State-by-state map: Georgia and D.C. lag in COVID vaccine rollout
Our mission to make business better is fueled by readers like you. To enjoy unlimited access to our journalism, subscribe today.
Following the recent authorization of Johnson & Johnson’s single-shot COVID vaccine—and the announcement that rival Merck will assist in its manufacturing—America’s vaccine drive looks ready to shift into high gear. President Joe Biden said as much earlier this week when he moved up the timetable and announced that by the end of May, the nation would have supply to vaccinate every American adult against the coronavirus.
While the rollout picked up speed this week with many states now expanding eligibility to residents with underlying medical conditions, just 15.9% of the nation’s population—roughly 52.9 million Americans—had received one dose of the vaccine as of March 3, according to data from the Centers for Disease Control. That’s up from 13.7%, or 45.2 million people, a week ago. So far, 8% of the population has been fully vaccinated with two doses.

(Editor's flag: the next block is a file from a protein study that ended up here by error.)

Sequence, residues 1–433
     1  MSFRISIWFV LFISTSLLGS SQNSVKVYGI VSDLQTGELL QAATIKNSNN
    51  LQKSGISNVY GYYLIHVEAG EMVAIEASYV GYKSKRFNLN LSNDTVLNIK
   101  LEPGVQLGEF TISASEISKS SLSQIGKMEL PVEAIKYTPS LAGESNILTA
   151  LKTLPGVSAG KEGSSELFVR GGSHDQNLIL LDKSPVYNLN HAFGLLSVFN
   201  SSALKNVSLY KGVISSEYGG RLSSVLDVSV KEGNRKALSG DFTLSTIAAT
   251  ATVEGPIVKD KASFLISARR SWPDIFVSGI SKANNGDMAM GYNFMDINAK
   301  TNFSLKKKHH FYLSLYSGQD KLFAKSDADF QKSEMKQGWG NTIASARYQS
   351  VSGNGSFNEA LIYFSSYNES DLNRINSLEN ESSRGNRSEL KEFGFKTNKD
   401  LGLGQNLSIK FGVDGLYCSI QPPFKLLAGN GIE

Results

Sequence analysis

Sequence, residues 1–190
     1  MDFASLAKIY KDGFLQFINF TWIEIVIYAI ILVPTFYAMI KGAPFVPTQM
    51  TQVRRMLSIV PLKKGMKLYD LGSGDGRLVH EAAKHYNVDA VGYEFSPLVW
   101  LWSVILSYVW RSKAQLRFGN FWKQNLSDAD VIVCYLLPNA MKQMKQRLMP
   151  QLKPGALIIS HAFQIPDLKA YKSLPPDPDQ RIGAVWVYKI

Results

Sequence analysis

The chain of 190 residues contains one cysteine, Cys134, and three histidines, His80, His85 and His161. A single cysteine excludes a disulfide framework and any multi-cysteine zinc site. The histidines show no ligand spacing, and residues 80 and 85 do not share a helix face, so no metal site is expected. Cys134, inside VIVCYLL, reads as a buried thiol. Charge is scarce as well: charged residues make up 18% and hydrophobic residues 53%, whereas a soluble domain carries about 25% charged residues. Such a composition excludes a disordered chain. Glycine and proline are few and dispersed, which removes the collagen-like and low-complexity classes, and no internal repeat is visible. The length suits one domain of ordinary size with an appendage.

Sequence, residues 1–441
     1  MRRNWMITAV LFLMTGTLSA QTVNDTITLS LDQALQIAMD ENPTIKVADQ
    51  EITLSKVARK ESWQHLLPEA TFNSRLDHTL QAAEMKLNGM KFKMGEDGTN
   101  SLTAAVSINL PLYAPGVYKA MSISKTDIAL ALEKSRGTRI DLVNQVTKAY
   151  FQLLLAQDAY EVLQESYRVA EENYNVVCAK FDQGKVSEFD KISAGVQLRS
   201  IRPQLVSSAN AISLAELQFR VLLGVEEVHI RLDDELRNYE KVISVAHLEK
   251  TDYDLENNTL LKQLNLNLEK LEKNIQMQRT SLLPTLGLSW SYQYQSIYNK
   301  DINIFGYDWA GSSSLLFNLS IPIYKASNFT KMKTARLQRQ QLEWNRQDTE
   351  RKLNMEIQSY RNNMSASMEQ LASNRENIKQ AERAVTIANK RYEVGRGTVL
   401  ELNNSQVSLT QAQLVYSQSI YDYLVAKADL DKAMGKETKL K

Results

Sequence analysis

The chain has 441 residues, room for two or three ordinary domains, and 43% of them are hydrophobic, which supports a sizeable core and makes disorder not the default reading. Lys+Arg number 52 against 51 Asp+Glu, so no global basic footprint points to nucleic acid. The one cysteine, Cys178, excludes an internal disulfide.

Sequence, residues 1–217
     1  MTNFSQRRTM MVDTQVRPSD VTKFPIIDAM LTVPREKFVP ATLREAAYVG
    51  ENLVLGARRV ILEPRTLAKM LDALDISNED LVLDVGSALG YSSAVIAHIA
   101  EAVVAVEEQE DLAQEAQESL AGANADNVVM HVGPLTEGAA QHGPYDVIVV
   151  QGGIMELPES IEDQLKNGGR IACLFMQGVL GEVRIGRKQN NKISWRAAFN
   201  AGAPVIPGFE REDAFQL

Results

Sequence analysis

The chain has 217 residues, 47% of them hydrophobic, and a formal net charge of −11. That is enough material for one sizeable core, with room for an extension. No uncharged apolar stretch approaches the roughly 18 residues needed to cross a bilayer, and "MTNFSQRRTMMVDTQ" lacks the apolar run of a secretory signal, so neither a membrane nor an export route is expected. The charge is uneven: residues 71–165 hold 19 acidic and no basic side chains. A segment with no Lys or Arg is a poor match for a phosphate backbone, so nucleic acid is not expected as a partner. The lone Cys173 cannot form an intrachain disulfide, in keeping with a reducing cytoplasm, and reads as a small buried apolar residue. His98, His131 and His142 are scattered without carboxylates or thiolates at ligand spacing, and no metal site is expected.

In total, about 107 million vaccines have been distributed nationwide—80.5 million, or 75.2%, of which have been administered.
Progress with the rollout remains varied among states, with the percentage of residents having received at least one dose ranging from 12.1% in Georgia to 23.3% in Alaska. The states with the largest populations, and so the largest vaccine distributions, have administered the most doses overall. California has so far given out 9.7 million shots, roughly 12% of those administered nationwide.
Share of the population that has received at least once shot
|State or territory||Share vaccinated|
|District of Columbia||12.3%|
|Northern Mariana Islands||19.8%|